Vegetable curries are delicious, and easy to make (Well, usually easy to make. Don’t try and make a butternut squash curry, while delicious they’re a nightmare to peel.) – Make 4 to 5 portions at once, freeze the left overs in freezeable, microwavable, containers, for really easy reheatable food later. Works well with either rice or couscous (which is ridiculously easy to cook if you’ve never made it. Literally just pour boiling water over it so it’s just submerged and leave for a couple of minutes.)

    One of my favourite things to make while vegetarian, though, was roast peppers stuffed with tomatoes (See below)

    • Stephen says:

      For one serving – Half two bell peppers and hollow out the seeds, chop or, preferably, crush a clove of garlic between the four, add half a teaspoon of thyme distributed between the four, put half a plum tomato, sliced lengthwise, into each pepper, drizzle balsamic vinegar and olive oil over each – about half a tablespoon for each half bell pepper should be sufficient. Cook at… IIRC 180C for 45-50 minutes. Serve with a crunchy bread (I typically used a garlic baguette for this).

      • Stephen says:

        Also works with just mushrooms if you take four breakfast mushrooms, cumin rather than the thyme, I tended to put half a teaspoon in before adding the mushrooms to stuff and half a teaspoon after, sprinkle a tiny amount of sugar into and onto it to help the cumin flavour spread, stuff with chopped mushrooms, and cook at about 20-25 minutes, but that’s not quite as filling, though almost as tasty and faster to make, and you can’t always get bell peppers, plum tomatoes, and a combination of the two that works for placing the plum tomatoes into the bell peppers.

  4. Brian Henk says:

    I’ve done the vegan diet quite a few times over the last 4 years because my research has shown that it’s the healthiest way to eat of any I have come across so far. It was a big adjustment for my body at first, but it got easier each time I did it and I found myself sticking with the diet longer each time I went for it as I discovered new vegan foods I love. I’m not specifically on a vegan diet right now, but I eat a 100% vegan breakfast and lunch every day so it’s just some dinners and some snacks that aren’t vegan. When I run a Kickstarter campaigns, I get hooked back on those darn Monsters.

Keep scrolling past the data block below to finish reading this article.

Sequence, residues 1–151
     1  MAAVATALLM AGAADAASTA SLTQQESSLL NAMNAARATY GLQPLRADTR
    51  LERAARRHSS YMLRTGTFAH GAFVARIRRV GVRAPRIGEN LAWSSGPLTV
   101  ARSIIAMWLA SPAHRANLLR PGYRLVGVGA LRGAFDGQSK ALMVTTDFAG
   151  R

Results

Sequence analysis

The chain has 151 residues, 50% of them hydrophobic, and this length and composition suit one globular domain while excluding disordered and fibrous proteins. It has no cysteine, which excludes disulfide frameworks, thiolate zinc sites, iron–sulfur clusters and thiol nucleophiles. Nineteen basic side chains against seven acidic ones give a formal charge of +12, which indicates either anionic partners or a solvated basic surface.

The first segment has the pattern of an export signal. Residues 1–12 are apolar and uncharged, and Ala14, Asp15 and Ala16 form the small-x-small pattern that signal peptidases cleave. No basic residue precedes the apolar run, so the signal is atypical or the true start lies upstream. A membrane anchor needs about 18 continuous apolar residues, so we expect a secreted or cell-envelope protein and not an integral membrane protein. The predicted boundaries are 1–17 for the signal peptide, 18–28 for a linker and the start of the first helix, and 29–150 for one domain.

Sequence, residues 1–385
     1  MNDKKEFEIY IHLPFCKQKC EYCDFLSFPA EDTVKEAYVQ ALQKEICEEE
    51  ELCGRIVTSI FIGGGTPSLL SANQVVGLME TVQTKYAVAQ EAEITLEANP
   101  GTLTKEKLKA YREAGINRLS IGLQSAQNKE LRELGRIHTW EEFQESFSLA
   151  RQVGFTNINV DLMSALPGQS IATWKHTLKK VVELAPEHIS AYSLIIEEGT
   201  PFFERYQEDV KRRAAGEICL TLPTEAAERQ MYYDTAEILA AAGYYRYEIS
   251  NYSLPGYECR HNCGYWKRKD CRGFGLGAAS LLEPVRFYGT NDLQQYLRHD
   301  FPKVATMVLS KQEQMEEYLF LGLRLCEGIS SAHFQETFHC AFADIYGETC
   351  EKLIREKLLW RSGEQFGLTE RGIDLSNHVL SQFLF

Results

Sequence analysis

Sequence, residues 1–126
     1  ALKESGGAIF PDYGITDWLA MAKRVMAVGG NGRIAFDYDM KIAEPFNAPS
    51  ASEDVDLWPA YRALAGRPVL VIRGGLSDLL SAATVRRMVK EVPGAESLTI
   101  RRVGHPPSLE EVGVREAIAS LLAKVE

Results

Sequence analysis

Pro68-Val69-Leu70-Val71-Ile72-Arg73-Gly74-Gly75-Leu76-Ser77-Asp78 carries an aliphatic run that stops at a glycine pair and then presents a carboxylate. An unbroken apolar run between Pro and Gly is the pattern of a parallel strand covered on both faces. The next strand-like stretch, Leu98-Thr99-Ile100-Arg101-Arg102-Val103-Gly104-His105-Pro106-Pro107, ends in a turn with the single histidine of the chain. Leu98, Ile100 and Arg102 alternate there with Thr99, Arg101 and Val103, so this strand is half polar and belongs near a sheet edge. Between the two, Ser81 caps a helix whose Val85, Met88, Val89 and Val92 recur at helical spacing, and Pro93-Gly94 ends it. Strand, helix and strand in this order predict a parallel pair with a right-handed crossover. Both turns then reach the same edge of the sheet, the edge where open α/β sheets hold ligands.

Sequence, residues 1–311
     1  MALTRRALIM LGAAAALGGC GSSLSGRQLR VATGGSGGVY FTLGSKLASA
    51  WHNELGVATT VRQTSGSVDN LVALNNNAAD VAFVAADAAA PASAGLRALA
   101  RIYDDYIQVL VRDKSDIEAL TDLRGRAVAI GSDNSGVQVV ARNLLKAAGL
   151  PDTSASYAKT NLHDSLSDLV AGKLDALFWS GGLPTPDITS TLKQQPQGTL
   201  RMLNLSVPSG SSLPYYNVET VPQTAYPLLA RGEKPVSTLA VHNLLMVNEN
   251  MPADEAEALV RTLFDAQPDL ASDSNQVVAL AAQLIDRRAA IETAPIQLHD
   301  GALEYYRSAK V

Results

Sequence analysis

The hardest part for me is being the guy who everyone has to work around when choosing a restaurant or being invited to a party or game night. “Oh and I’ll make sure to have some vegan options for you.” Yikes, no, don’t go to extra trouble for me! Moving to Los Angeles has been nice because it is overflowing with vegan restaurants and other restaurants usually have vegan options, but you can still do it wherever you live.

    I recommend learning to love salads. Just have a lot of different salad types that you know you enjoy and have those ingredients always available. Put some juicy grapes, cantaloupe, watermelon, or mandarin oranges in there so it’s not so dry. Also, fruit/nut packs are a perfect snack for a game night or on-the-go. If you live near a Whole Foods, try to get there twice/week to do your grocery shopping so you can always have fresh foods. It will take some work, but it will be worth it!

    • Jamey Stegmaier says:

      Brian: Thanks for sharing your experiences with occasional veganism. I always eat almost the exact same salad each night, so I might try to mix it up a bit (there is a Whole Foods very close to me).

  5. Joe Pilkus says:

    Jamey,

    Interesting question. Last year, our general hosted a Thanksgiving get together at his house. He, a life-long carnivore from Oklahoma, smoked all manner of ribs, kielbasa, and a variety of pork products. The wife, a life-long vegetarian (which is really just a more disciplined vegan:) )made a collection of dishes which could almost make me turn my back on bacon….Mmmm, back bacon.

    Never mind. Time for lunch.

    Cheers,
    Joe

  6. Bob Tosa says:

    Sometimes I get so cheap that I refuse to buy meat up to the point where I absolutely crave it. I’ve noticed that nuts(almonds, peanuts) and protein shakes are a good substitute for that – I absolutely need meat in my mouth now – feeling. If I had to go vegan I would just add a lot of that in my food and think about all the money I’m saving, and pounds I’m losing by not eating real food. In that new movie about Moby Dick actors talked about how they went on a crash diet (only 600 cal a day :O) and ate only almonds. I guess almonds are a wonder food if that was the food that was most beneficial. I would never intentionally go vegetarian or vegan because I’m the king of the jungle.